Employees are your best marketers. They’re also your best storytellers. Voices convey the real culture of your workplace. Whether we’re doing a book, an interactive timeline, or a history Web site, we talk with people extensively. Often we’ll do a hundred hours’ worth of oral and video histories. Best practices:
TIP 1: Include voices from all levels. Talk with everybody who makes your organization run. For example, our Northwest Community Hospital history book (NCH contains sidebars called NCH Memories. Here we featured not just the usual nurses and docs, but also people like the facilities director, head of food services, and the medical librarian. NCH offers animal-assisted therapy – if only the dog had been willing to talk! We even tracked down the first baby born at the hospital, who (by good luck) had become the mother of a doctor-to-be.
TIP 2: Gather meaningful artifacts and display them digitally (including podcasts). A current day nurse started at NCH as a candy striper. She’d kept everything: her badge, her diploma, even her uniform, which we used as a background to her profile.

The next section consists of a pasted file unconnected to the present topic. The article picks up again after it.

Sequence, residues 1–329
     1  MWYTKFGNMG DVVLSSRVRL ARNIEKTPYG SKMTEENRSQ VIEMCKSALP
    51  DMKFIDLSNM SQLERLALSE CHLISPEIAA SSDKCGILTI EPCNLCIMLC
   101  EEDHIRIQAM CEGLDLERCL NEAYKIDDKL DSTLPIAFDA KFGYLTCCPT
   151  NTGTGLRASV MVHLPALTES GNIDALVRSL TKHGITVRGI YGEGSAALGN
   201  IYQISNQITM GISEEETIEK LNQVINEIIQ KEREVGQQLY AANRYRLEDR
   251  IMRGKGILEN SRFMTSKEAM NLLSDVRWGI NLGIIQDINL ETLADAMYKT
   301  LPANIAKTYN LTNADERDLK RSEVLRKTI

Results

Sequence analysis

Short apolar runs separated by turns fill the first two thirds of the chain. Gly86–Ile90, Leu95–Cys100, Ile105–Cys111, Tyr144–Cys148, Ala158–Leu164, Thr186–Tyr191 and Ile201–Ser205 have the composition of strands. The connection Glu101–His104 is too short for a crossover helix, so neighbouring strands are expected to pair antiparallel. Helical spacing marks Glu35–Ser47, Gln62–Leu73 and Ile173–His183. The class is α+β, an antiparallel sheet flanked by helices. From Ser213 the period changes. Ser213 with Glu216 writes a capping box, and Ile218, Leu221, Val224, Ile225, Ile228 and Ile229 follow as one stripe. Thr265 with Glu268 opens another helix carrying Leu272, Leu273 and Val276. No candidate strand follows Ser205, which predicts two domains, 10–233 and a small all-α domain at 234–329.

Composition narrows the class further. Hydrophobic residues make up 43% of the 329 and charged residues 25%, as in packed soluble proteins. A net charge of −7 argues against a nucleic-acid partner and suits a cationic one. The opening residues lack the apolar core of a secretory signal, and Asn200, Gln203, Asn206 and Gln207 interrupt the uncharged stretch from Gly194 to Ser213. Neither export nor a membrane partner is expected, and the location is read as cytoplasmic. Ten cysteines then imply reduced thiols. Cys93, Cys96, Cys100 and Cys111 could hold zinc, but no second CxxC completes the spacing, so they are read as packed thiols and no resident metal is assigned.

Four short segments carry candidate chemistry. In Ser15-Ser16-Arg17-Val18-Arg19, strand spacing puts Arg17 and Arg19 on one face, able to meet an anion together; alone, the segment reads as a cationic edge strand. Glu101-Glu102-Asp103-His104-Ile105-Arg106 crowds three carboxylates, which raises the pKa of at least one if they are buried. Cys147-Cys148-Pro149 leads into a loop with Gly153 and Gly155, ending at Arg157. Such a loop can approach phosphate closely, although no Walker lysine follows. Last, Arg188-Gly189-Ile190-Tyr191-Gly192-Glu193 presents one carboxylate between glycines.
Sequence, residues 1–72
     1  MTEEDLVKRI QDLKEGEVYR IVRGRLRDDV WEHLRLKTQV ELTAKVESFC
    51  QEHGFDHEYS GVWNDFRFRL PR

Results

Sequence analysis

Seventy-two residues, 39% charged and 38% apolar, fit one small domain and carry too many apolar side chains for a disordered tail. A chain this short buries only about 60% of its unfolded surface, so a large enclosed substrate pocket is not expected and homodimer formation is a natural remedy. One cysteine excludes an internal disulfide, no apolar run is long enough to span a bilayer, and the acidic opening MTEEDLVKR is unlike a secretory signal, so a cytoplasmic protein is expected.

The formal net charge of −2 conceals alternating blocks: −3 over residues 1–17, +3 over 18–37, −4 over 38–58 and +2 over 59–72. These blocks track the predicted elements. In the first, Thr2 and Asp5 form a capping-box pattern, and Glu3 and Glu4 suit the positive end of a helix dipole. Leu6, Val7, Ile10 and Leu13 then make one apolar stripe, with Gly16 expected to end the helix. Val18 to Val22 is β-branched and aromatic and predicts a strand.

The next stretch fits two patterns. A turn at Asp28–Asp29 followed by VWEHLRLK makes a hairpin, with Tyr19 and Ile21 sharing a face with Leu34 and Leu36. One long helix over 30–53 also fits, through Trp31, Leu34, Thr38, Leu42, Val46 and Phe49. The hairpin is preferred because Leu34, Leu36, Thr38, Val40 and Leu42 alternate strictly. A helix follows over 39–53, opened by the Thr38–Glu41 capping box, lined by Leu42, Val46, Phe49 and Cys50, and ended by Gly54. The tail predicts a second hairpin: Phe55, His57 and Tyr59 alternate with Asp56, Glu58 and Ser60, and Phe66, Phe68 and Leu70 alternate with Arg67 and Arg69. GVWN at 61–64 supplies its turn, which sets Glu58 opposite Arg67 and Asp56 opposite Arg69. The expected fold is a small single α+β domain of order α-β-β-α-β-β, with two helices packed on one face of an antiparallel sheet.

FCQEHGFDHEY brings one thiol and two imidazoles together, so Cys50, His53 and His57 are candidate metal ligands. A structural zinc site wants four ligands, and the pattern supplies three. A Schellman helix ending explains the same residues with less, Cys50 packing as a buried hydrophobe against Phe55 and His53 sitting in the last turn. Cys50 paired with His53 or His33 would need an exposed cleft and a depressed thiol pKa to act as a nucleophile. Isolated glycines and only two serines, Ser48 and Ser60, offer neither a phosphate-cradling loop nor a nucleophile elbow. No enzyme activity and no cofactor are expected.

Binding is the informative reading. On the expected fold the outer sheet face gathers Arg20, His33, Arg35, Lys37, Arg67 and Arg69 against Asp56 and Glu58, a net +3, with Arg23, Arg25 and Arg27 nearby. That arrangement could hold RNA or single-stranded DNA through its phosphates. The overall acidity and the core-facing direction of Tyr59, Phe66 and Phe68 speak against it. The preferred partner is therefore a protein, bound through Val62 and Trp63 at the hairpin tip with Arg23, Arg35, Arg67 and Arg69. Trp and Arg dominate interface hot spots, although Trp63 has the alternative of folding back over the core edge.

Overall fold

TIP 3: Create clusters of voices around key events. In our history of the Plattsburgh Airbase Redevelopment Commission (PARC), for example, we quoted a cross-section of participants who looked back on the base reuse process some 15 years after the first closure announcement was made. It’s a special section that stands alone and tells the story all on its own.
Bottom line: Get your people talking and mix the stories into the history of your organization and your brand. That’s what we do at CorporateHistory.net every day.